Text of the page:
A Christian Post article entitled “New Testament Scholar: Chasing Biblical Manuscripts Is Nothing Like ‘Indiana Jones” tells of the ministry of Dan Wallace, Dallas Theological Seminary professor and New Testament scholar:
Although CP [Christian Post] was told that the team at CSNTM [Center for the Study of New Testament Manuscripts] does indeed “love the Indiana Jones myth,” Wallace says his team’s expositions to document valuable texts are nothing like Indiana Jones’ wild adventures.
First of all, they don’t steal.
“The problem with Indiana Jones, he was actually an American imperialist thief. He goes into a country and goes ‘this artifact belongs in a museum. It doesn’t belong with you people,’” Wallace clarified. “What we do is, our first task is always to protect the manuscript at all costs. We treat these manuscripts like they are our own children. Consequently, the libraries, they absolutely love what we’re doing. So we’re not stealing anything at all.” (source)
On February 1, 2012, Wallace announced that seven New Testament papyri were discovered, six of them he said were probably from the second century, and one of them, the Gospel of Mark, probably from the first. While news will be forthcoming about these manuscripts, Wallace is currently under a nondisclosure agreement. This Gospel of Mark manuscript is believed to be the earliest known fragment to date.
Wallace explained that the fragment was dated by one of the world’s leading paleographers. The oldest manuscript that had Mark in it was Papyrus 45 (P45), from the early third century (c. AD 200–250). This new fragment would predate P45 by 100 to 150 years, almost certainly placing it in the first century and making it the oldest of its kind, according to the professor. The other oldest known manuscript of the New Testament has been P52 (discovered in 1934), a small fragment from John’s Gospel, dated to the first half of the second century. (source)
Justin Taylor of The Gospel Coalition interviewed Dan Wallace on the topic of New Testament manuscripts and textual criticism. The question was asked, “How many NT manuscripts do we know of?” Wallace replied:
As far as Greek manuscripts, over 5800 have been catalogued. The New Testament was translated early on into several other languages as well, such as Latin, Coptic, Syriac, Armenian, Georgian, Gothic, etc. The total number of these versional witnesses has not been counted yet, but it certainly numbers in the tens of thousands.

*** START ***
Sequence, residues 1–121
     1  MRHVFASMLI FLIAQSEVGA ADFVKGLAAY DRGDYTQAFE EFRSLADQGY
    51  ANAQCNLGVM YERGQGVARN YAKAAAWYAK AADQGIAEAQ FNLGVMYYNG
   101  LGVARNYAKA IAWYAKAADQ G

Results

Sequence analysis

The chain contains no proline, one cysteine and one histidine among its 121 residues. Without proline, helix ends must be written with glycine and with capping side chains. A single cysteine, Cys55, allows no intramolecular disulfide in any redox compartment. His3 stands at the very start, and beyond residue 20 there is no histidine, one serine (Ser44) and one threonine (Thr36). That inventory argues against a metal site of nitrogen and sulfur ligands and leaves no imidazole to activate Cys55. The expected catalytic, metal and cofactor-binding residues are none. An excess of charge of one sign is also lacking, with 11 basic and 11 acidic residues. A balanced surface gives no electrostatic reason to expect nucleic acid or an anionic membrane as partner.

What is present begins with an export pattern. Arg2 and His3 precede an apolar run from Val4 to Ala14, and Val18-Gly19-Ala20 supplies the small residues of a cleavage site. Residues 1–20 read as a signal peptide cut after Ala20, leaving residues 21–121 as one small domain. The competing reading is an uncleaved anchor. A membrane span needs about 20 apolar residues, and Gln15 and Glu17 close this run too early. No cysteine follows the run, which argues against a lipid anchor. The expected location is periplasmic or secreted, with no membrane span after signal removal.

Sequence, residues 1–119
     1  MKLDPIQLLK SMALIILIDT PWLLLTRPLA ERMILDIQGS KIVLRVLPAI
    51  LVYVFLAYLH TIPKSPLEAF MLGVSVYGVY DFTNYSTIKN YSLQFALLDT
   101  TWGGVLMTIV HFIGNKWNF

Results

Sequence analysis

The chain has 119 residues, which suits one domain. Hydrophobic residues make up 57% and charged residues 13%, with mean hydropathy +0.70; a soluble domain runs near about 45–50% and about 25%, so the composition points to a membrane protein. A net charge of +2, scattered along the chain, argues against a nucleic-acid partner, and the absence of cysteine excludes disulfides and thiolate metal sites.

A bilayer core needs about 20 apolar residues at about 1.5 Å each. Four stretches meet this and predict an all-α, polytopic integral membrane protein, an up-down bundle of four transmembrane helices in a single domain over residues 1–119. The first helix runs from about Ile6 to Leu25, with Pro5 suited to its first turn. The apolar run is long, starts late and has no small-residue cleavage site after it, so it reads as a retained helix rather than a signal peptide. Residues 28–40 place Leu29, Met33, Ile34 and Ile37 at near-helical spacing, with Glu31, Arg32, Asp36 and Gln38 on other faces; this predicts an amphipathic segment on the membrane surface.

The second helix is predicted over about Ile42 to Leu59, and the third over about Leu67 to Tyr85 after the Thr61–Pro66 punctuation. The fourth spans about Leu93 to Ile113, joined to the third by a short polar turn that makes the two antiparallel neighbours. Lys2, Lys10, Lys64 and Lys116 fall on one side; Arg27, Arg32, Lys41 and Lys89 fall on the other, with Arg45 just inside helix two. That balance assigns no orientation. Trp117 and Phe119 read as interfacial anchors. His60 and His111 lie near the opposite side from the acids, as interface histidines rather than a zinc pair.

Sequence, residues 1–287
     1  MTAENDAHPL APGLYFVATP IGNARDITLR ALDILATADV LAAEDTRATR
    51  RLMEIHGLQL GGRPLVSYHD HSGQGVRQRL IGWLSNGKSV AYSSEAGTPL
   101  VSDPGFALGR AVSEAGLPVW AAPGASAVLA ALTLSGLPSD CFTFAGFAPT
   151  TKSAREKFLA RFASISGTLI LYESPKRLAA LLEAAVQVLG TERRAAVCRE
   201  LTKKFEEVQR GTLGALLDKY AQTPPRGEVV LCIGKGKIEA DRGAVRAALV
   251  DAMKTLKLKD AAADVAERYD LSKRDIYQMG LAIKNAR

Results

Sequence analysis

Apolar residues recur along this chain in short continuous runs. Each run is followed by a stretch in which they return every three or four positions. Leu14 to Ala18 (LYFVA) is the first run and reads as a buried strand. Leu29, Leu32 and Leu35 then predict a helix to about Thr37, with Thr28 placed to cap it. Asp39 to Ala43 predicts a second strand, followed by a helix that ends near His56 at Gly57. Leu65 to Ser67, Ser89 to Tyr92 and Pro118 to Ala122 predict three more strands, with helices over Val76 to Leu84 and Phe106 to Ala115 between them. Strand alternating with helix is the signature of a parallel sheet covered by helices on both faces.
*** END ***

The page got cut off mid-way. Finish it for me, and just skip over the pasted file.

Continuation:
At the same time, it should be pointed out that most of our manuscripts come from the second millennium AD, and most of our manuscripts do not include the whole New Testament. A fragment of just a verse or two still counts as a manuscript. And yet, theaverage size for a NT manuscript is more than 450 pages.
At the other end of the data pool are the quotations of the NT by church fathers. To date, more than one million quotations of the NT by the church fathers have been tabulated. These fathers come from as early as the late first century all the way to the middle ages. (source)
Besides Wallace’s recent discovery of possibly the earliest known manuscript being the Gospel of Mark manuscript announced last year, Wallace also mentioned the Rylands papyrus fragment.
A papyrus fragment that had been sitting in unprocessed ancient documents at the John Rylands Library of Manchester University, England, is most likely the earliest NT document known today. Known as P52 or Papyrus 52, this scrap of papyrus has John 18:31-33 on one side and John 18:37-38 on the other.
It was discovered in 1934 by C. H. Roberts. He sent photographs of it to the three leading papyrologists in Europe and got their assessment of the date—each said that it was no later than AD 150 and as early as AD 100. A fourth papyrologist thought it could be from the 90s. Since the discovery of this manuscript, as many as eleven NT papyri from the second century have been discovered. (source)
In comparison, copies for Homer, the best classical author in terms of extant manuscript copies, is less than 2,400, compared to the New Testament manuscripts that are approximately ten times that amount. Also, we have more than 1,000 times the manuscript data for the New Testament than we do for the average Greco-Roman author. Wallace’s ministry and work proves to be much more adventurous and exciting than Indiana Jones!